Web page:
21

In those circumstances, the Bundesgerichtshof (Federal Court of Justice) decided to stay the proceedings before it and to refer the following questions to the Court for a preliminary ruling:

‘(1)

Does a trade fair stand in a hall which is used by a trader for the purpose of selling his products during a trade fair taking place for a few days each year constitute “immovable retail premises” within the meaning of Article 2(9)(a) of Directive 2011/83 or “movable retail premises” within the meaning of Article 2(9)(b) of the directive?

(2)

If it constitutes movable retail premises:

is the question whether a trader carries out his activity “on a usual basis” on trade fair stands to be answered by reference to

(a)

how the trader organises his activity or

(b)

whether the consumer can expect to conclude a contract for the goods concerned at the trade fair in question?

(3)

If, in the answer to the second question, the perception of the consumer is relevant [(Question 2(b)]:

In connection with the question whether the consumer can expect to conclude a contract for the goods concerned at the trade fair in question, must it be considered from the point of view of the public in general, by examining how the trade fair is presented to that public, or from the point of view of the consumer concerned, by examining how the trade fair actually appears to the consumer when he concludes the contract?’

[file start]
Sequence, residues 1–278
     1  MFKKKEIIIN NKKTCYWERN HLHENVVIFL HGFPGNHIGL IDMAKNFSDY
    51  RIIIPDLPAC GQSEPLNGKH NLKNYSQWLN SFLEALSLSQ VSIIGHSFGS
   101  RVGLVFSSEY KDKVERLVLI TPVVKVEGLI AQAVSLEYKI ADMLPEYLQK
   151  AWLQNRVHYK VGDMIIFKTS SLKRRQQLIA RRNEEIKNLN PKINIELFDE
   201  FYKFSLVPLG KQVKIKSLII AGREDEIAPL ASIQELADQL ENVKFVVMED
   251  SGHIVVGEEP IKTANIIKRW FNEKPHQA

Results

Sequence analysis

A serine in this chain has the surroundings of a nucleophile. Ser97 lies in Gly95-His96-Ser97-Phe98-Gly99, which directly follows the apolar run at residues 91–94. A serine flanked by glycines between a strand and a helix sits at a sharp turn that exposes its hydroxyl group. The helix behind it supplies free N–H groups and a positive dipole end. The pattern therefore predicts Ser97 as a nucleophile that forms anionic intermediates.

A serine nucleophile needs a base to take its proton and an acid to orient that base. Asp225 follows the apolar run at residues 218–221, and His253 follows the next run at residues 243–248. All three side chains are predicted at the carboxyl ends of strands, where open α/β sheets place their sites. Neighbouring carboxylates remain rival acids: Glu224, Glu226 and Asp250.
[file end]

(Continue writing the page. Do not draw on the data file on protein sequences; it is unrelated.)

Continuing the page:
Consideration of the questions referred

22

By its questions, which should be examined together, the referring court asks, in essence, whether Article 2(9) of Directive 2011/83 must be interpreted as meaning that a stand, such as that at issue in the main proceedings, run by a trader at a trade fair, at which he carries out his activity for a few days each year, constitutes ‘business premises’ within the meaning of that provision.

23

As a preliminary point, it should be recalled that Directive 2011/83 defines ‘business premises’, on the one hand, in Article 2(9)(a), as any immovable retail premises where the trader carries out his activity on a permanent basis and, on the other hand, in Article 2(9)(b), as any movable retail premises where the trader carries out his activity on a usual basis.

24

Recital 22 of Directive 2011/83 states, in that regard, that business premises should include premises in whatever form, such as shops, stalls or lorries, which serve as a permanent or usual place of business for the trader.